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McCluskey executed a promissory note for $330,186, on a Naperville property, with Wells Fargo as the mortgage holder. After service in foreclosure proceedings, McCluskey did not answer or plead. An order of default and judgment of foreclosure entered. After failed negotiations on a loan modification and a rescheduled sale date, Wells Fargo was the successful bidder on the property for a price of $235,985.69. Before Wells Fargo moved to confirm the sale, McCluskey moved to vacate the default judgment and set aside the sale under section 2-1301(e) of the Code of Civil Procedure, rather than the Foreclosure Law (15-1508(b)). The trial court denied her motion and confirmed the sale. The appellate court reversed, holding that the court could exercise discretion under civil procedure law, even after a judicial sale, if the movant could present a compelling excuse for lack of diligence and a meritorious defense. The Illinois Supreme Court reversed. After a motion to confirm a judicial sale, foreclosure law governs and provides standards for exercise of discretion in dealing with a motion to vacate. At that point, it is not sufficient under the foreclosure statute to merely raise a meritorious defense to the complaint. In this case, the motion to vacate preceded the motion to confirm, so the trial court could have considered the motion to vacate under civil procedure law. Under these facts, however, the court did not err in denying the motion, even under that more liberal standard. McCluskey admitted her default, was properly served, and had notice of the default, the judgment of foreclosure, and the sale, then later raised pleading defenses for the first time. View "Wells Fargo Bank, N.A., v. McCluskey" on Justia Law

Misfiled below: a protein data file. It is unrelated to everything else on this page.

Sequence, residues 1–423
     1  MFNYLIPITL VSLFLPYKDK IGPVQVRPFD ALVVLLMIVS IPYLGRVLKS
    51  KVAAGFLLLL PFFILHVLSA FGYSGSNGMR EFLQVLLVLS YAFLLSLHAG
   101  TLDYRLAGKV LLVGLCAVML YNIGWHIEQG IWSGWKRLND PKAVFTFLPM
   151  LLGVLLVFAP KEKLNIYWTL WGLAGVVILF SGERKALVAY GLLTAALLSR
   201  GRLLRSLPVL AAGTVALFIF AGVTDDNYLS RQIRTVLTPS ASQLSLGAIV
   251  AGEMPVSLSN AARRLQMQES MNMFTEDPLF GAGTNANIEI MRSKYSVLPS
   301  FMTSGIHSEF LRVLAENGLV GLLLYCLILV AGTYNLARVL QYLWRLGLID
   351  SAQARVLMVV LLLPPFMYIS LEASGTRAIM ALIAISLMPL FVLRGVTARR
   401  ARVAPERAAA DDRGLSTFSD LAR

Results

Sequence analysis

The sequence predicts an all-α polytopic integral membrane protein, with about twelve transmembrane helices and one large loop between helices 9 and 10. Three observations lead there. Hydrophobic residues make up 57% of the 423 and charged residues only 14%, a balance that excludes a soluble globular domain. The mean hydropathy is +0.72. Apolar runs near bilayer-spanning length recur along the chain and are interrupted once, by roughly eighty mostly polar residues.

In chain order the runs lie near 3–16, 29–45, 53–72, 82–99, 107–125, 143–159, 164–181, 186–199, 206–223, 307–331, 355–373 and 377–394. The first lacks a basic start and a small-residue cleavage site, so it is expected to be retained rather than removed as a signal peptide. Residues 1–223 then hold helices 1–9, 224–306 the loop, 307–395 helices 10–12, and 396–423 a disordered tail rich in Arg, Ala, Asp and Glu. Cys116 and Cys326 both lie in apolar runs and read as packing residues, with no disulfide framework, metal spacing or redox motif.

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Consolidated Grain maintains a grain elevator in La Salle County, sold Rogowski’s crops, and gave him the proceeds by checks paid directly to him. The bank had lent money to Rogowski for which he signed a note and granted the bank a security interest in his crops and any proceeds of their sale. The bank notified Consolidated of its lien by two written notices, one covering crop years 2004 and 2005 and the other covering years 2005 and 2006. The notices listed as covered agricultural commodities “all grain on hand, all growing crops,” without listing their amount or location. The bank obtained a deficiency judgment against Rogowski in 2008, which remains unsatisfied, then sought payment from Consolidated. The trial court ruled in favor of the bank. The appellate court reversed and the supreme court affirmed. The Federal Food Security Act of 1985 provides how notices of security interests are to be worded and provides that there must be a statement of “each county or parish in which the farm products are produced or located,” The court rejected a “substantial compliance” argument and held that the notices were insufficient for failing to strictly comply with the Act. View "State Bank of Cherry v. CGB Enters., Inc." on Justia Law

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In 2005, a mortgage was entered into as to property in Naperville. The loan was eventually sold to EMC, which obtained a judgment of foreclosure in 2009. The debtor’s request to have the 2009 foreclosure judgment vacated was denied, as was her subsequent motion to reconsider that denial. To both of these adverse orders, Supreme Court Rule 304(a) language (that there was no just reason for delaying either enforcement or appeal) was added, and the debtor appealed. The appellate court, however, dismissed for lack of jurisdiction. The Illinois Supreme Court agreed and affirmed. Although a foreclosure judgment is final as to what it adjudicates, it is not appealable until entry of an order approving the sale and directing distribution. The orders to which the circuit court added Rule 304(a) language were not themselves final for purposes of appeal. There is no court rule permitting appeal of the nonfinal orders at issue here, and Rule 304(a) cannot confer appellate jurisdiction where none exists. View "EMC Mortg. Corp. v. Kemp" on Justia Law